New Literacies: What are They and What Does This Mean for Writing?

What are new literacies? How do new literacies differ from old ones? How does this affect how we write and how we teach writing? To address these questions, I will look at three articles: “‘New’ Literacies: Research and Social Practice” by Colin Lankshear and Michele Knobel, “Sampling ‘the New’ in New Literacies” by the same authors and “Looking from the Inside Out: Academic Blogging as New Literacy” by Julia Davies and Guy Merchan from the New Literacies Sampler.

First of all, types of texts and textual spaces are proliferating. Usually the term “new literacy” is associated with recent computing and communications technology; however, new literacy is not limited to new technology. Technological forms of new literacy, as listed by Lankshear and Knobel, include: blogs, webpages, synchronous forms of communication (chat and instant messaging), asynchronous forms (email and discussion boards), and digital multimedia forms. Other types of new literacy are: zines, fan fiction, critical literacy, memes, scenario planning (business applications, for example), and adbusting. It is important for writing teachers to acknowledge that students are reading more and producing more writing, in different styles, tones, and registers and for a wider range of purposes, than ever before. Rather than dismissing texting or fan fiction as inapplicable to academic writing, teachers should show students how to translate skills they already have, for example narrative and persuasive abilities (what I did today and why we should go see this movie), into a different kind of writing. However, writing itself is changing in response to new literacies.

“Digitally based new literacies employ an expanded semiotics, which includes “images, sounds, graphics, signs, codes” (Lankshear 3) and can also include “additional media such as voice recordings, music files, 2D and 3D animation, video, paintshopped images, scanned images of paper-based artworks, etc.” (Lankshear 8). There is more experimentation, hybridization, and rule breaking. Writers are “blending personal with public” (Davies 169) and blurring “distinction between the serious and the frivolous” (ibid.). Should writing teachers ignore or even forbid such practices? Perhaps in certain contexts, but it is clear that academic writing itself is moving in this direction, as shown in the article “‘New’ Literacies: Research and Social Practices” which includes images, graphs, video and hyperlinks. Without a doubt much academic writing, if not all, is moving in this direction and so teachers need to accept and embrace the changes in text.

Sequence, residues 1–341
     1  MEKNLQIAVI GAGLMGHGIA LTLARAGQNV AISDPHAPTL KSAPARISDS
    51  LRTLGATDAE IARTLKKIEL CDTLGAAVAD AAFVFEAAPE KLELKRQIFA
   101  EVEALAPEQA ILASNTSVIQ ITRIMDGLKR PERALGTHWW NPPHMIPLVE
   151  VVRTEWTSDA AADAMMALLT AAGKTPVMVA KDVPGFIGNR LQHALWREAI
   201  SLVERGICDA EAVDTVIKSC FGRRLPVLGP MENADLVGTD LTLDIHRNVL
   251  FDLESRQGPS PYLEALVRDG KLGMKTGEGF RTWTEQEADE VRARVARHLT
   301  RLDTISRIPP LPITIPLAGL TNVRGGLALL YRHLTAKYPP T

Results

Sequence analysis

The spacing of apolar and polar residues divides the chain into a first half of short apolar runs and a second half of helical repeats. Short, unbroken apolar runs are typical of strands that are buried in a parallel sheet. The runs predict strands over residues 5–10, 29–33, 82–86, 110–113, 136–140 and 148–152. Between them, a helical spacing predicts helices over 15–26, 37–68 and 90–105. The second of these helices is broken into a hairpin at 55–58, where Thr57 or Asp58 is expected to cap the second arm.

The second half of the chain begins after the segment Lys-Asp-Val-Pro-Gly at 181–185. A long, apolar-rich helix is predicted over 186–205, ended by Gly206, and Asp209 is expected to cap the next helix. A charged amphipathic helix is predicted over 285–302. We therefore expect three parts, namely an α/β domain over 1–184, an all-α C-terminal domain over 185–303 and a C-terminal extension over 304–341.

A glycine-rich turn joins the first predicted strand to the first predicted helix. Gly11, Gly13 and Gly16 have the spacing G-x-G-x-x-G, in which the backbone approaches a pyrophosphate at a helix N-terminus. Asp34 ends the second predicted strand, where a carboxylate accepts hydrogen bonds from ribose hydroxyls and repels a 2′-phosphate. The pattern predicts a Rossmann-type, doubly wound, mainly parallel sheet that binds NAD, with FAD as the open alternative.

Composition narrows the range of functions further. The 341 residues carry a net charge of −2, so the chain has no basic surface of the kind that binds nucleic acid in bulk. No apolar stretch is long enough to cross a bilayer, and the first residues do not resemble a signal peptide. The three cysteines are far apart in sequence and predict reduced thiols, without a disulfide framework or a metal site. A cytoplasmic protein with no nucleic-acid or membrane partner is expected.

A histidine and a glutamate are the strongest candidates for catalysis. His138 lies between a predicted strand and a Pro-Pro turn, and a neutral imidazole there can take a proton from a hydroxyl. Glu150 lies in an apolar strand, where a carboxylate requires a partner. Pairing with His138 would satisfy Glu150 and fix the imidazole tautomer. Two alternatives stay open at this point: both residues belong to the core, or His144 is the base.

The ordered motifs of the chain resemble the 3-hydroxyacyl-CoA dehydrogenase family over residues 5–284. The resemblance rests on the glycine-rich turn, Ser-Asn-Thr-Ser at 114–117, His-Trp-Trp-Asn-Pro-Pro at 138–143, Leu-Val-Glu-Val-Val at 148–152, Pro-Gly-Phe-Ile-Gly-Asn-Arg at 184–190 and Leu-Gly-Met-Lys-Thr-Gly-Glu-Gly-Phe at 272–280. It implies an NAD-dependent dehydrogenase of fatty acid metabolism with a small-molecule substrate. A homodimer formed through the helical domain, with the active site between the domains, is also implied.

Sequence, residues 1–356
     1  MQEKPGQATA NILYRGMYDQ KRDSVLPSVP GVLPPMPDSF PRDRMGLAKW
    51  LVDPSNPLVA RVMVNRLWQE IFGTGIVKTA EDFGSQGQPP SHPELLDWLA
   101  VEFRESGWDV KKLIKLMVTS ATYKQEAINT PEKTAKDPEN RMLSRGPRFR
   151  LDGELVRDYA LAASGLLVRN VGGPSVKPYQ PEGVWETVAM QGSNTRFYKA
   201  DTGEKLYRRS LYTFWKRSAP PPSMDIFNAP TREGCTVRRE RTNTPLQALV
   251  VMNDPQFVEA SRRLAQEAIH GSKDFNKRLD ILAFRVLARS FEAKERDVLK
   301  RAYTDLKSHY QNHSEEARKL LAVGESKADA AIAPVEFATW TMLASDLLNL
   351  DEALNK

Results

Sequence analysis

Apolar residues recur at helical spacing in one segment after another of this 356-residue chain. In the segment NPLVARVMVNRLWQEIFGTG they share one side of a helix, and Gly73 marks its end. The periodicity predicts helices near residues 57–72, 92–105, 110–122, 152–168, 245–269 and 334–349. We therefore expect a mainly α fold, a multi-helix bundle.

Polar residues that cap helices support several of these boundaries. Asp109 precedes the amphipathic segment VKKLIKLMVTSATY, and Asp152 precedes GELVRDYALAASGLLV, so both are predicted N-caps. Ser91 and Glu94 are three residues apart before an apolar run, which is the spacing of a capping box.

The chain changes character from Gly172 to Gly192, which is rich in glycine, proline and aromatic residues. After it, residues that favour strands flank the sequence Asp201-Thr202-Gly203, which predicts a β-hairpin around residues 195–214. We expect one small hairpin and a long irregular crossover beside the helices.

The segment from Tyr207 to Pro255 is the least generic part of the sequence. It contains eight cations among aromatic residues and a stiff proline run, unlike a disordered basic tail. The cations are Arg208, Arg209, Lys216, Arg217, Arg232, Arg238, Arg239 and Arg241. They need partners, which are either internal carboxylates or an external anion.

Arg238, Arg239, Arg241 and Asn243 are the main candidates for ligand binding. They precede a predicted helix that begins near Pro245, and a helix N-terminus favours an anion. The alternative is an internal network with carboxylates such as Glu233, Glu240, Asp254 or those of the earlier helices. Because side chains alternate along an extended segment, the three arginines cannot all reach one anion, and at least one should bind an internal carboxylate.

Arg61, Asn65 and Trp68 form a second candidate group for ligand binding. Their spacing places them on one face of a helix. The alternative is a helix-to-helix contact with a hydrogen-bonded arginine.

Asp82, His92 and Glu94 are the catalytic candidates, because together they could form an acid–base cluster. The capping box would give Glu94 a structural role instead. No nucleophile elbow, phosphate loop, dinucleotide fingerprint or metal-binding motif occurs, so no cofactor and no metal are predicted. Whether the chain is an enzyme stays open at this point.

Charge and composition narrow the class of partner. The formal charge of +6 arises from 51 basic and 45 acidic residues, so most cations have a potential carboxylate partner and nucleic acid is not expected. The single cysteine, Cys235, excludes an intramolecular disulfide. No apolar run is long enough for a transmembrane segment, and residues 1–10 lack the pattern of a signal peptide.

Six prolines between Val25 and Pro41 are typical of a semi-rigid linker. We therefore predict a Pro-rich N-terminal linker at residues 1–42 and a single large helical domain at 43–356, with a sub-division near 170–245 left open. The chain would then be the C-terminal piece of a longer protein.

The most significant change of new literacies, however, is a shift from authors and final versions to collaboration and fluid texts. Distributing writing is much cheaper and more available than ever to the general population. Readers are invited to add their own comments and reviews, so “Conventional social relations associated with the roles of author/authority and expert have broken down radically under the move from ‘publishing’ to participation, from centralized authority to mass collaboration” (Lankshear 14). Even before these new literacies, Roland Barthes in “The Death of the Author” stressed the part that readers play in the recreation of the text. A writer creates a code, an outwardly made sign, but it is up to the reader to interpret it, to perform it as a living text.

This is all the more true online because of “the complex configuration of digital texts which are often multimodal, hyperlinked and dynamic in character, make even partial readings increasingly problematic. In looking at a blog, for instance, we need to accept that the text is seldom static, it is regularly updated, and interactive via the comments function attached to each post, and that a visitor to a blog is highly unlikely to follow all the available hyperlinks or explore all the archived posts, and that multiple visitors are unlikely to follow these links in exactly the same way anyway, and so on. Instead, readers will make choices about what to read and what to ignore, designing their own reading path (Kress 2003) through the text” (Davies 172).

In other words, readers, who have always had to recreate a text in their own minds, are now recreating texts in a more active way, by following certain links that lead to other links and ignoring others. They are producing a text that is not directly dictated by the author and these texts are much more inclusive of material beyond the limits of the primary text. Academic writing has always been intertextual, including references to other texts, but now readers can quickly follow these quotations and read them in context.

In short, the concept of what a text is has utterly changed, as well as forms of writing, and purposes of writing. Writing is no longer seen as a solitary act done by an author/authority, rather writing is a collaborative social effort that is fluid and continuous. Writing teachers who do not integrate these changes into their teaching are teaching outmoded forms of communication. How should academic writing adapt to these new practices yet still maintain traditional standards is a question, however, that is still under debate.

From the class blog, Twinada, for “Teaching Writing in the Digital Age” taught by Kory Lawson Ching at San Francisco State University, Spring 2010.

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